Not an easy book to listen to. I listened to the first three chapters numerous times sure that I must have missed something. Finally I kept going regardless that I still didn't know what was going on. It wasn't till after that point that I had a remote clue what the book was about. But once hooked - I couldn't put it down.
The other difficult experience is the confusing gaggle of Nordic names and tiny cities - many times I had no clue what country I was in.
I will admit that I did enjoy the book. Yes, it lacks a little logic at times and human nature at times...but, it's different. My first choice when I need a linguist isn't a prostitute - but, I've never been to Denmark. Maybe that's regionally logical. The book did for me provided an interesting and thought provoking plot theme. I especially enjoyed that a group of mothers were the heroines.
One of the best written books I have listened to lately. Well thought out plot with lots of unique ways to look at the hard topic of the death penalty all in a captivating and clever fiction.
Noa is the very cynical main protagonist. If I have one complaint about this book that it’s a downer. Not a single upbeat in the entire book. I don’t know how you would write a death row novel that wouldn’t be. Noa has been sitting on death row ten years when the story opens. The remainder of the book gets the author up to date on Noa’s history and moves on to where she goes from here. Wow. The reader gets the back story before the trial. The trial of Noa is so resilient of the some recent death trials involving female lovers and mothers, but from all angles. For all the information that I thought was important to the case was not revealed in the light I thought would give be the best conclusion.
The story allows the reader to make their own conclusion though it’s extremely thought provoking. I will be thinking about this book for a long time and listening more dubiously to those television trials.
I think that this would make Jeannette Walls first fictional novel as her first book was a personal memoir and her second book was a fictional true story about her grandmother. Both her previous books were well written page turners despite the shocking neglect and emotional abuse she suffered in the pages of her life. I was very anxious to get this book and eager to start right away.
The Silver Star is set in 1970. Fifteen year old, Liz and twelve years old, Bean plowing through their less than idealistic life, seemingly on their own. Walls characters and situations in this tale are not a leap away from Walls own childhood – abandonment, mental illness, siblings raising siblings, selfish parenting. It’s a coming of age tale set during the Vietnam war in a town at the ebb of racial segregation.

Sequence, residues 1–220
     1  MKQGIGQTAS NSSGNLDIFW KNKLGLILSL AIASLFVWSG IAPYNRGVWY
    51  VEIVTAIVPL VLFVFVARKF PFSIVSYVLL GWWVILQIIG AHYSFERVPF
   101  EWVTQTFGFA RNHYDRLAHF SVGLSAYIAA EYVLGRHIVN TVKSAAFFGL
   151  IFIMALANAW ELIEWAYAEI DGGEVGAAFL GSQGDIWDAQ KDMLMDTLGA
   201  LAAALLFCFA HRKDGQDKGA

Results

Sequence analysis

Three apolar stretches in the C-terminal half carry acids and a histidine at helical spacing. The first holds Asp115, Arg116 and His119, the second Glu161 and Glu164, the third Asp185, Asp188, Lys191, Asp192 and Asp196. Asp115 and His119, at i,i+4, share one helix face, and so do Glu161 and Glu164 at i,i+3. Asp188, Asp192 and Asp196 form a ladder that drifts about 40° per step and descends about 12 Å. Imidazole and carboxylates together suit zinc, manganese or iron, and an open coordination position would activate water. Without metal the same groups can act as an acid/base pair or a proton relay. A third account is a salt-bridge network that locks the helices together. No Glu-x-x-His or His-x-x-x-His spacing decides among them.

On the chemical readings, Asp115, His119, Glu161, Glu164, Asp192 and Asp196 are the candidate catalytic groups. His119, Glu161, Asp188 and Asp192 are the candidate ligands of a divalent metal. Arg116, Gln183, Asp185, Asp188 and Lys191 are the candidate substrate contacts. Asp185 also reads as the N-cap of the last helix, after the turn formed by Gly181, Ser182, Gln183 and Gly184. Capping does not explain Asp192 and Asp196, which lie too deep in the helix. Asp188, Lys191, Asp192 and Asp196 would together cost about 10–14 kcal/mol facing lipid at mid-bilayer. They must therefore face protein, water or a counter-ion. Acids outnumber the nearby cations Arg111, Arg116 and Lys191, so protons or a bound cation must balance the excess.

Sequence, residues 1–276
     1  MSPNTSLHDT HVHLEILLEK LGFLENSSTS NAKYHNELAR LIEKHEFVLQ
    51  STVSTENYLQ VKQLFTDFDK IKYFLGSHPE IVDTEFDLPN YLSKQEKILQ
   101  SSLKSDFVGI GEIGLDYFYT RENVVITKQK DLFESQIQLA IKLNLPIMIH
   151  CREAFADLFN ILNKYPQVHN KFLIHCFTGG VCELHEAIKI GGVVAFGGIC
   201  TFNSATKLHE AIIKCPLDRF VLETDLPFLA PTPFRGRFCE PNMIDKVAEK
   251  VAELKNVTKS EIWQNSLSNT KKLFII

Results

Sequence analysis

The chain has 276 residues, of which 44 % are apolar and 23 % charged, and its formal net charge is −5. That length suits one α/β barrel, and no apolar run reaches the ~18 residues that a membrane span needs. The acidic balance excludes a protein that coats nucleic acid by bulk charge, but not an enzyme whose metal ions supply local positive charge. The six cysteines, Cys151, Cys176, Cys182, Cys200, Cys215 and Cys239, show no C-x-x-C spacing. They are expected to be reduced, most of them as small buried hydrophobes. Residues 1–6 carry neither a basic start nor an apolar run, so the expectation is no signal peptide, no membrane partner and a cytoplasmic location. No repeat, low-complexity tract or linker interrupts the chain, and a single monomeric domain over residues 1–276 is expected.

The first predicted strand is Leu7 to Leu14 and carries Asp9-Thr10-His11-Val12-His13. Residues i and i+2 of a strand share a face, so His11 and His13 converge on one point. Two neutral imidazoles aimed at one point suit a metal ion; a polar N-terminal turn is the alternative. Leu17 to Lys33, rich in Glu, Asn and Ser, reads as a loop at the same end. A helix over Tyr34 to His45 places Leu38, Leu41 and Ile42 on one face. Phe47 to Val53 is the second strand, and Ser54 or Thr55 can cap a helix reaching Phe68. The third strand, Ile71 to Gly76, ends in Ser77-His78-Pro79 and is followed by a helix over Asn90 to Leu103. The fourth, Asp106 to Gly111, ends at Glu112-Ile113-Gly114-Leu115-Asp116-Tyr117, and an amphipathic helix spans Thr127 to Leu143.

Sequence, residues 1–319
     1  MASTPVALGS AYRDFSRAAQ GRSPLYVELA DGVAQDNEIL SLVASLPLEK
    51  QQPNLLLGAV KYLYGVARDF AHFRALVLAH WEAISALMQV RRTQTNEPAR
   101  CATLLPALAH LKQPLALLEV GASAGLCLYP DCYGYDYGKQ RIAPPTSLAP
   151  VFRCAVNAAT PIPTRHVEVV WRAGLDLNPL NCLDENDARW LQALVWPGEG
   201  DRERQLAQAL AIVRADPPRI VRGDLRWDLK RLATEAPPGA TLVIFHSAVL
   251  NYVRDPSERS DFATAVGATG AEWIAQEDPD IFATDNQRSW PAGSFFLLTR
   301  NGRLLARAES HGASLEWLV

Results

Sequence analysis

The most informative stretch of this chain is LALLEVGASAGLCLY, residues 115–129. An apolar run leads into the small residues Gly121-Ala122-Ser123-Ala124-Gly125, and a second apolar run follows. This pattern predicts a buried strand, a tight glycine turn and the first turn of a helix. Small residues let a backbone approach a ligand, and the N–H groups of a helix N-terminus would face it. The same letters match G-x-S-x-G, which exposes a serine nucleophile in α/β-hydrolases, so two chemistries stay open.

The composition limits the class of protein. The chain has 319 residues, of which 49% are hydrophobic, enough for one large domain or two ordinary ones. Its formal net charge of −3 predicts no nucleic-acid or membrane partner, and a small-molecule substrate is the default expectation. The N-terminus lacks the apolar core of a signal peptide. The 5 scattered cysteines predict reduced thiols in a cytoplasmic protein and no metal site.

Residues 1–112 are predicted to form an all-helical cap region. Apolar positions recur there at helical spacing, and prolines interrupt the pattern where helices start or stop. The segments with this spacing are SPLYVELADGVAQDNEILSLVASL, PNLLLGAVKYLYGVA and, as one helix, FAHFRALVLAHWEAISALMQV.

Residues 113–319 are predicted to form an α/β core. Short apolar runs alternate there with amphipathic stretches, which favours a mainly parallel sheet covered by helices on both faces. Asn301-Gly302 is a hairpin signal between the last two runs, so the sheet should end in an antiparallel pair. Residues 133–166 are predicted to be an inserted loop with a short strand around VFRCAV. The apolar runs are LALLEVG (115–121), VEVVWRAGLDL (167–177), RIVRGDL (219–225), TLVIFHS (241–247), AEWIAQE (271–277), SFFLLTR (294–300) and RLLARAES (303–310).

So, it’s surprising that I felt it was lacking. It dunked it’s toes into so many meaty topics but, just the toes, never deeper than the knees, before quickly jumping out and moving to a different topic. Was it rushed or just undeveloped? I just know that this book didn’t pack a wallop, for me that her previous books have. Oh sure, Jeannette Walls is a wonderful writer and once again her vagabond characters make for an interesting adventure. I know I will be reading her for years. Though, I don’t know how many self-centered neglectful mothers I am going to be able to take from her.
I was anxious to "Touch & Go" for I really enjoyed the Tessa Leone character in a previous book. I was able to pick it up during an Audible sale. I'm glad I waited awhile to get this because frankly I was underwhelmed.
This book centers around a corporate kidnapping of a CEO's family. The book flows well while there is action. The problem is that it drags more than it should, like there when laying back story. Gardner's best suit is the situations she creates. I thought many she created in this book were inventive, but honestly when was the last wealthy family kidnapped in the United States? Where was the press? In reality, no one would have been able to sneak in and out of so many houses for the press would have been camping out.
I too wish there were more of the Tessa character. It seemed like she was a background character in this book. I did enjoy the entrance of the New Hampshire County Sheriff. I especially enjoyed Elisabeth Rogers rendition of his accent. I can see him being in presented in a future book and will look forward to reading it.
It's just the place where you choose to stop.............